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Published in 1989, “Nixon: The Triumph of a Politician 1962-1972” is the second book in Stephen Ambrose’s biographical trilogy covering the life of Richard Nixon. Ambrose was a historian and author who remains one of the best-known biographers of Dwight Eisenhower and Richard Nixon. Unfortunately, allegations of plagiarism and exaggeration have tarnished his reputation. Ambrose died in 2002 at the age of sixty-six.

This 662-page biography covers Nixon from just after his 1962 defeat in the race to become California’s governor to his re-election as President of the United States ten years later. This volume exhibits many of the attributes of the inaugural book in this series: remarkable balance toward its subject, careful organization and an uncommonly unpretentious and readable style.

With its lively and comprehensible narrative this book moves faster than its length might suggest. Readers familiar with Ambrose’s other biographies will recognize his careful balance of observation and analysis. And where many biographers adopt a “love him or hate him” attitude toward Nixon, Ambrose maintains a carefully balanced perspective toward his subject – praising Nixon for his best decisions and excoriating him for his worst.

The review of Nixon’s years in self-imposed political exile (between 1962 and 1967) is surprisingly engaging, and his description of Nixon’s campaign for the presidency in 1967 is no less compelling. President-elect Nixon’s “transition” and inauguration-related activities are very well-covered and only the description of his Cabinet selection proves somewhat disappointing.

It is hardly surprising this book devotes a great deal of time to Watergate and Vietnam. Both discussions are enlightening, but the pages devoted to Watergate are a particularly commendable introduction to that topic. It is unfortunate that, while this book was being researched and written, Nixon and Kissinger were actively fighting to restrict access to their archived documents and audiotapes. Consequently, Ambrose lacked access to the full range of materials which would eventually become available.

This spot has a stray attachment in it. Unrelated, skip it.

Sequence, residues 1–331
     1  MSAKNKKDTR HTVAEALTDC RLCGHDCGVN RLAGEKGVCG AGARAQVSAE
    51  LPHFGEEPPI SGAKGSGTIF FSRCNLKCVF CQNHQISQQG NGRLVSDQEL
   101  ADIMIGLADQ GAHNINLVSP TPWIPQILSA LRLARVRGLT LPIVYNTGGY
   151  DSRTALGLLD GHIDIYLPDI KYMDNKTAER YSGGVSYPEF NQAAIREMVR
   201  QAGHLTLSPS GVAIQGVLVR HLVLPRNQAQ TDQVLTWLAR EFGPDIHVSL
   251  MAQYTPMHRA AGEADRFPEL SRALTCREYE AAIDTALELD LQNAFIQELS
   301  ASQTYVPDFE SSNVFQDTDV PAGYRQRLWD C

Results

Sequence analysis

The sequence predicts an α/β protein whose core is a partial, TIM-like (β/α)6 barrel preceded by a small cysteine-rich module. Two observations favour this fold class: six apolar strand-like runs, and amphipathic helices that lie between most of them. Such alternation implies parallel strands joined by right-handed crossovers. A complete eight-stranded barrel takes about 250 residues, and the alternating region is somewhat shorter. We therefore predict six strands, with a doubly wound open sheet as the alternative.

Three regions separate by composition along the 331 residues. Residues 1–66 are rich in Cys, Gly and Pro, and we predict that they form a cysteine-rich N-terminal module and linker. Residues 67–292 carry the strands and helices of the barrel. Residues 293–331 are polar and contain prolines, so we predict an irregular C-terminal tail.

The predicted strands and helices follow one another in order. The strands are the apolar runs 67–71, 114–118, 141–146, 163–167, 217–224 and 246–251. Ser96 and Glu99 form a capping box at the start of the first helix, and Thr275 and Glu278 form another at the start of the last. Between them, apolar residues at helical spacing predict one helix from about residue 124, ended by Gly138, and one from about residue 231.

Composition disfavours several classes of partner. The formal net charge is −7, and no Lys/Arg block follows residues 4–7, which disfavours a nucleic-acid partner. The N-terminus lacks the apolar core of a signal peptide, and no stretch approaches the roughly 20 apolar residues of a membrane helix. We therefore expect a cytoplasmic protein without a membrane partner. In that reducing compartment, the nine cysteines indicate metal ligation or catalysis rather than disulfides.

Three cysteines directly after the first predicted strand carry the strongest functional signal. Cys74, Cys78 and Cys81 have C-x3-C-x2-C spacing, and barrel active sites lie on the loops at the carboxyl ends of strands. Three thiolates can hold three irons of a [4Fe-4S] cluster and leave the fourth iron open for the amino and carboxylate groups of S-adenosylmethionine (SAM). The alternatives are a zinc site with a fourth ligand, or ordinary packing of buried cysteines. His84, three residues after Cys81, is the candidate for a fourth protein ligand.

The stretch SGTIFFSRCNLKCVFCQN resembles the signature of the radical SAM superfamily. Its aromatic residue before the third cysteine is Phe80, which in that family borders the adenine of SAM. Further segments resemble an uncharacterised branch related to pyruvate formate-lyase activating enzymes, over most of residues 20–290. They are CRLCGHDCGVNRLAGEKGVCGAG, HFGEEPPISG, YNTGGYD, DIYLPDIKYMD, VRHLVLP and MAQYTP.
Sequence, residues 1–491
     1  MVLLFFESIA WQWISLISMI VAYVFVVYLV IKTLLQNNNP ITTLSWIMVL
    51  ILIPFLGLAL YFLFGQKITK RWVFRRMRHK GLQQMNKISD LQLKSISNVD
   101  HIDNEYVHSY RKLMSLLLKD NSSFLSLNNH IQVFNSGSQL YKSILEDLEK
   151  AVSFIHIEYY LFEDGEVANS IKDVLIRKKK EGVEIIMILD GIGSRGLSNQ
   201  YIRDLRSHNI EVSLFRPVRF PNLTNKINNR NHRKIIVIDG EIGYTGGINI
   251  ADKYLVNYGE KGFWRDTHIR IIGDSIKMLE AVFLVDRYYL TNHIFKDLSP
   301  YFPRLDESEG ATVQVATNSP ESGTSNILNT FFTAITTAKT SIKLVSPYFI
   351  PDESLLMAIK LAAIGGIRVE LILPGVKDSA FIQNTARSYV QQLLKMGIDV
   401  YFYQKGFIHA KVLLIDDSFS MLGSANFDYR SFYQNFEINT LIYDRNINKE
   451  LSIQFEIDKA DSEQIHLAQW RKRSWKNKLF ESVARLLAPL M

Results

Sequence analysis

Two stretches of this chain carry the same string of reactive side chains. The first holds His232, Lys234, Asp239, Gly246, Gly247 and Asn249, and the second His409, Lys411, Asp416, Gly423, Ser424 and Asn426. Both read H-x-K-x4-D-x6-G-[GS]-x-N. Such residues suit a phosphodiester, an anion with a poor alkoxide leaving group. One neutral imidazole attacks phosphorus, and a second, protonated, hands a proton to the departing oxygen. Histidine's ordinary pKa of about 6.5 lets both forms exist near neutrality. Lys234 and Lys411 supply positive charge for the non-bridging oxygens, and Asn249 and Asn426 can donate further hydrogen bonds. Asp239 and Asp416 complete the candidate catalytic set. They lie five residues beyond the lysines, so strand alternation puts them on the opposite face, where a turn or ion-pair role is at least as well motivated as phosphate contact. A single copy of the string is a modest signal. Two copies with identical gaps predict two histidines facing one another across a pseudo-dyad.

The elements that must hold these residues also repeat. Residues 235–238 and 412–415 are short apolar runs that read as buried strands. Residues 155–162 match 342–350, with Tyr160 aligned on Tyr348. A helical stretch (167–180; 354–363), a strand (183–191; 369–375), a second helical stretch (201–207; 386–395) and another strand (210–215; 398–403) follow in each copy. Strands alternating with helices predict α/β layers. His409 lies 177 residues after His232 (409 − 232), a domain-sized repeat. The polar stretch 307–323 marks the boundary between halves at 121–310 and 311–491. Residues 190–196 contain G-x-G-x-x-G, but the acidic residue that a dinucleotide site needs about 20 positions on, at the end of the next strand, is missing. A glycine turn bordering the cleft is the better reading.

In fact, the age of this volume and its resulting inability to draw from important sources available to the modern biographer is one of the book’s most significant shortcomings. And while Ambrose’s narrative is generally engaging, it is not particularly colorful. Biographers such as McCullough, Goodwin and Millard give readers the sense of being in the moment while Ambrose recounts important events with a semi-sterile clarity…and from a distance.

As a result the reader never gets fully inside Nixon’s head. Ambrose nicely describes many of his subject’s strengths, flaws and contradictions…but never offers readers enough insight to really understand what makes Nixon tick. Henry Kissinger, too, plays an important role in this volume. But his portrayal here almost entirely fails to capture his enigmatic and wildly intriguing persona.

Overall, “Nixon: The Triumph of a Politician 1962-1972” provides readers a straightforward, impressively balanced and well-paced review of the decade leading up to the pinnacle of Richard Nixon’s political career. Written with the general reader in mind, this volume can be appreciated by almost anyone. And while it is not exceptional in many ways, it is solid in almost every way.

Overall rating: 4 stars

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